When preparing to sell your home, your mortgage lender will usually order an appraisal to determine your level of qualification for the loan, and to make sure you’re not over-borrowing. An appraiser will then inspect your home and prepare a report that includes an analysis regarding the value of the property. It’s required by the Appraisal Institute that in all 50 states, an appraiser should be certified or licensed, have familiarity with the area, and have no personal interest in the transaction. Below are the basic criteria your appraiser will evaluate:
The appraiser will inspect how your home is constructed to determine quality and take note of damage. The condition and materials of your flooring, windows, walls, doors, fixtures, plumbing, and appliances will have a significant influence on the estimate.
The appraiser will look closely at the outside of your home to evaluate the structure, as well as any damages or defects. The condition of the property’s foundation, roof, and siding are also of particular importance, and the appraiser will take note of what materials they are made of to gauge durability.
This refers to all the “extras” that your home has to offer. These include outdoor amenities such as a pool, garage, patio, or gazebo, and indoor amenities such as smoke detectors, fireplaces, security systems, or air conditioning.
You’ll need to provide the appraiser with the exact square footage of your home, and each of the rooms. The more bedrooms and bathrooms, the higher the value—a home that’s has more square footage is desirable to buyers because of the potential to expand in the future.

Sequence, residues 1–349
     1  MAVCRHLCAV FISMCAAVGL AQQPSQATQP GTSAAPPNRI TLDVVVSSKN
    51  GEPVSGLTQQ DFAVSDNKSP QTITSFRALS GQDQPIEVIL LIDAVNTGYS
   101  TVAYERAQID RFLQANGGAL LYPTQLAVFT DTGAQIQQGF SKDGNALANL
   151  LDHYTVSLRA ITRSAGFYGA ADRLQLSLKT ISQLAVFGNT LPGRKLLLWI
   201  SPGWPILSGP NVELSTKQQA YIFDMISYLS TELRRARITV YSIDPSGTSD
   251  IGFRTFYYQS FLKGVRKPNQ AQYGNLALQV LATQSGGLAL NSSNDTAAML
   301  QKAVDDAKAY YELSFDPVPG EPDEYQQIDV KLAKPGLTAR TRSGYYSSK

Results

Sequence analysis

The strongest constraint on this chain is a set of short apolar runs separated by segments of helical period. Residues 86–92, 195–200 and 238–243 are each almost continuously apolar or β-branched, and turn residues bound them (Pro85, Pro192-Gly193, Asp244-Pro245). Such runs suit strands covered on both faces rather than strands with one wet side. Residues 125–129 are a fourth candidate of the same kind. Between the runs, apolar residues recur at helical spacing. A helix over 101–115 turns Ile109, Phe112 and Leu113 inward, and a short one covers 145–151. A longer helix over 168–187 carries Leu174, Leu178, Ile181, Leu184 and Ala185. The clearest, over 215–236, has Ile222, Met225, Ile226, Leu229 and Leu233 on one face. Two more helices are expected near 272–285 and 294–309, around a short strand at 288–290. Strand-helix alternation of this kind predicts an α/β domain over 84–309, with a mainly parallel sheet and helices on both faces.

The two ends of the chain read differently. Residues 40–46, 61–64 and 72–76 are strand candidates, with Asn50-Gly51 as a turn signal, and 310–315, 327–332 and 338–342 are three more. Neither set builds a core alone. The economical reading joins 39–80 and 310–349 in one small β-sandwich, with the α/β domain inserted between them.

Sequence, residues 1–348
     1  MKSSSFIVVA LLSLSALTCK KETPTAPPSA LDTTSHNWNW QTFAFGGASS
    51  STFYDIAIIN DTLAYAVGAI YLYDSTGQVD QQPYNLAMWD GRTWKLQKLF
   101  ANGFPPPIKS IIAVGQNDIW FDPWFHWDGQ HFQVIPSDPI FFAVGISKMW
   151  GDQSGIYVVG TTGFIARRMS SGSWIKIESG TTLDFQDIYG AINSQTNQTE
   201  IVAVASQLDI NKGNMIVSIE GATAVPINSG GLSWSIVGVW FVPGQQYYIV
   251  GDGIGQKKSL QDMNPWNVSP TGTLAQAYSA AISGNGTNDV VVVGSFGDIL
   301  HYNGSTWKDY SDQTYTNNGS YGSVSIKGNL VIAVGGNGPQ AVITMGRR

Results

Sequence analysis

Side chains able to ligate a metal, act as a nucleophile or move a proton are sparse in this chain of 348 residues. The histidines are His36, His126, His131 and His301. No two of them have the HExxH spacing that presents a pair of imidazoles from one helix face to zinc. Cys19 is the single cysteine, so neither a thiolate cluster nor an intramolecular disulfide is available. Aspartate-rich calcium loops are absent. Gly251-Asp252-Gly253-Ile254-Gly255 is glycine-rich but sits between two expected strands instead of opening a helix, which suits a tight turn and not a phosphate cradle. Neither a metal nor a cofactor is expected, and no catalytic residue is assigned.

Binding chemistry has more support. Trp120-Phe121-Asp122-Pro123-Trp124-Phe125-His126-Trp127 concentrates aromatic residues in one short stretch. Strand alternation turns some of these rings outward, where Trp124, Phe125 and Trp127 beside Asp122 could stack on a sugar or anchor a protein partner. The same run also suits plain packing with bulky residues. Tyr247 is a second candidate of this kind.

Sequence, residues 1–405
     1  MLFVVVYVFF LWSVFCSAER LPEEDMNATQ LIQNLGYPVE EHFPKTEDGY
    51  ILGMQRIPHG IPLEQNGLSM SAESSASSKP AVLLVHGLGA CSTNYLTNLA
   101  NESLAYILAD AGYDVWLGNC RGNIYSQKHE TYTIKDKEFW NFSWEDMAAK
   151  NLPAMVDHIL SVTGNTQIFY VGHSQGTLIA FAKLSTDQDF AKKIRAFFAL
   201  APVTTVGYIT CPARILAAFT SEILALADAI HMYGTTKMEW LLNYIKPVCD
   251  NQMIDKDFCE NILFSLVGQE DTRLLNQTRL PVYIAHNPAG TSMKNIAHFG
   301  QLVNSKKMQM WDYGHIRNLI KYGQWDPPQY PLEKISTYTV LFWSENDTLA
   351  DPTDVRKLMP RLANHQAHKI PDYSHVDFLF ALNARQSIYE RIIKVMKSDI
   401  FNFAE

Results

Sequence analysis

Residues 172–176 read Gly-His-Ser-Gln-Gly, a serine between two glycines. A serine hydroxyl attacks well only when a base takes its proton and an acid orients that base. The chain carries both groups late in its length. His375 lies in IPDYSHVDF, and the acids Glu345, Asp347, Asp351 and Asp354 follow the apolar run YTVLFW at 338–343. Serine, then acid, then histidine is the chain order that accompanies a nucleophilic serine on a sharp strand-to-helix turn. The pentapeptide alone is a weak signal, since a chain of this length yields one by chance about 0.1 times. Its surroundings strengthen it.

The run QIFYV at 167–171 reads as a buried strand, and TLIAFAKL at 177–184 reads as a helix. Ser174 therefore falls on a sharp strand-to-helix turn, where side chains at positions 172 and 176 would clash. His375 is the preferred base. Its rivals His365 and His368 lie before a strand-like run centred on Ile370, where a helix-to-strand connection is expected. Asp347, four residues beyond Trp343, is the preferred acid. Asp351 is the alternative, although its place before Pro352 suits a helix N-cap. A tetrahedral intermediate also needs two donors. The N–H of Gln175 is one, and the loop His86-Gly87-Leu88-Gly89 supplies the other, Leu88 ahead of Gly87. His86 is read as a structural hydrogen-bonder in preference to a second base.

If you’ve made any improvements or upgrades to your home since taking ownership, this will most likely increase the appraiser’s estimate. An appraiser will pay particular attention to any improvements in the kitchen or bathrooms, such as a new shower or tub, sink, stove, or oven.
What you can do to prepare:
Have the measurements of each room of your home prepared.
Clean as much as you can both inside and outside; keep in mind the idea of “curb appeal”
If you own any pets, keep them locked up for the day so as not to be a distraction. Your appraiser might have allergies or just dislike animals in general.
Take care of any minor repairs in advance, such as a leaky pipe or warped ceiling paint
Meet the appraiser when they come to inspect your home and be forthcoming and helpful with any information they need to know.
If you’ve many any home improvements, let the appraiser know: it might mean a higher estimated value.